The UN Committee on Economic, Social and Cultural Rights has published its Concluding Observations for the Russian Federation following its 62nd session in September 2017. The Committee issued important recommendations related to the issues raised in ADC Memorial’s alternative report on the situation of vulnerable groups (with the participation of CrimeaSOS and the NGO Revival of Kazas and the Shor People).
Taking into consideration statements made by human rights defenders about systemic discrimination against Crimean Tatars and Ukrainians in annexed Crimea, including the violation of the rights of those who did not reject their Ukrainian citizenship, the Committee called upon the RF government to ensure that these groups can exercise their economic, social, and cultural rights.
The Committee devoted a great deal of attention to the situation of the Roma population in the RF and called upon the Russian government to find a comprehensive solution to the problem of housing in Roma settlements while observing human rights by improving access to resources and living conditions, legalizing houses, ceasing demolitions and evictions, and, if this cannot be avoided, providing alternate housing and compensation. The Committee also condemned the widespread but officially denied practice of segregating Roma children in schools and using other discriminatory practices resulting in a poor education and high dropout rate for Roma children, and called upon the government to take effective measures to improve the situation.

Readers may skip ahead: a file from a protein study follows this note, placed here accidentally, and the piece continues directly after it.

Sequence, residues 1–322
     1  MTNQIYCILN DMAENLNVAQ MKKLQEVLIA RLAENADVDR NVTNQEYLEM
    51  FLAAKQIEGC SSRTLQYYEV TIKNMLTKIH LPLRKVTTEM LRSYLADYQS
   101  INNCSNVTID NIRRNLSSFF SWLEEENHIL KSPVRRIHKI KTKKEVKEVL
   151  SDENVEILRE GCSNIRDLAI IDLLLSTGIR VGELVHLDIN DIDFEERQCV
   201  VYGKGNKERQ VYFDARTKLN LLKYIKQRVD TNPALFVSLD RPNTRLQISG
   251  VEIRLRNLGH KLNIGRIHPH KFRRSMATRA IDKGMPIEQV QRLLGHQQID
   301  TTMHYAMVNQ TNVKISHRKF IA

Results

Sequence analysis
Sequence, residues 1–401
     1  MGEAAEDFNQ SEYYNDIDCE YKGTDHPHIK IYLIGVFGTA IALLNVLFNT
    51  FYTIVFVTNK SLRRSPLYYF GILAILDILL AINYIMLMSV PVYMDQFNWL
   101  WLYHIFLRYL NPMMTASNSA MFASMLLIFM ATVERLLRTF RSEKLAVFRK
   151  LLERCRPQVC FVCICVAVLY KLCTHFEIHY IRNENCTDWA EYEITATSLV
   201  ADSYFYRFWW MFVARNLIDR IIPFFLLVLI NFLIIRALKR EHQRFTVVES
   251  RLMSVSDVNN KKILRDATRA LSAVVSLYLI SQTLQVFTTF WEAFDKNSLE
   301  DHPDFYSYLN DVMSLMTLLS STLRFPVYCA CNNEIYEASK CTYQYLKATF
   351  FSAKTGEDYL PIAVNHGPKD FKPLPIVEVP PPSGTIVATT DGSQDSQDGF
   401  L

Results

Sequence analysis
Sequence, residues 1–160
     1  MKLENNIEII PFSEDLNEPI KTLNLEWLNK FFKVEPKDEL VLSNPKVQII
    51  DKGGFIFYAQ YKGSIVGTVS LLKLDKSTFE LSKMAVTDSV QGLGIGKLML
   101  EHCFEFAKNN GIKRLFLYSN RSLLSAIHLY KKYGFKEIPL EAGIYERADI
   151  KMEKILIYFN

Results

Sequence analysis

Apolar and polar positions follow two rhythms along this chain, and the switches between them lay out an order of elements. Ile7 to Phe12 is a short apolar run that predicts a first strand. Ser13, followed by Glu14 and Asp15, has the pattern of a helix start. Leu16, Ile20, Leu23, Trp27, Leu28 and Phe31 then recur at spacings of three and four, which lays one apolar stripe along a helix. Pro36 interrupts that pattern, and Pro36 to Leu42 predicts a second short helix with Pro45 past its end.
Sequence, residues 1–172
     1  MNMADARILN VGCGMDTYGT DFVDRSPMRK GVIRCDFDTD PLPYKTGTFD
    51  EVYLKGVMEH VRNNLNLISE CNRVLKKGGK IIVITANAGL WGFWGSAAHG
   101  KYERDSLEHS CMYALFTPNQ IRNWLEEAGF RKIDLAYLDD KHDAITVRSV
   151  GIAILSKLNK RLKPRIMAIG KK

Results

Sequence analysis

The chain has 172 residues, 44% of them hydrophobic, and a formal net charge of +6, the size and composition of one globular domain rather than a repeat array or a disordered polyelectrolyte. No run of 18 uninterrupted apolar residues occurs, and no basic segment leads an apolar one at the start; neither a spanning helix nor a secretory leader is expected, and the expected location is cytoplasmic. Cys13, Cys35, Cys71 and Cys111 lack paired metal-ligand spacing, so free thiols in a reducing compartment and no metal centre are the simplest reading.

The Committee also expressed concern about access to education for the children of asylum seekers and refugees and recommended that children be accepted at schools regardless of their status or registration.
The Committee recommended legalizing territories of traditional land use by indigenous peoples and providing them with special protection, revoking or amending laws worsening the situation of indigenous communities leading a traditional way of life, and ensuring that indigenous peoples can actually participate in discussions about the projects of extractive companies and the adoption of decisions about the industrial use of territories where indigenous peoples reside.
A separate recommendation was devoted to indigenous peoples who have already suffered from the actions of extractive companies: citing the opinion of the UN Committee on the Elimination of Racial Discrimination, LINK, the CESCR called upon the RF government to ensure fair compensation for damages, including residents of the razed Shor village of Kazas.
The topic raised by ADC Memorial of protecting the socioeconomic rights of migrant workers was reflected in the Committee’s recommendation calling on the RF to ensure that migrant workers have the same working conditions and equal pay, medical insurance coverage, and social security protection, to create conditions for legal and safe work, and to prosecute employers caught exploiting migrant workers.
The Committee agreed with ADC Memorial’s position regarding the list of banned jobs and professions for women and noted that this list only furthers existing inequalities between men and women in terms of employment under the pretext of protecting a woman’s reproductive health from harm that has no scientific basis. The Committee reiterated its recommendation from its consideration of the RF’s previous report to review this list.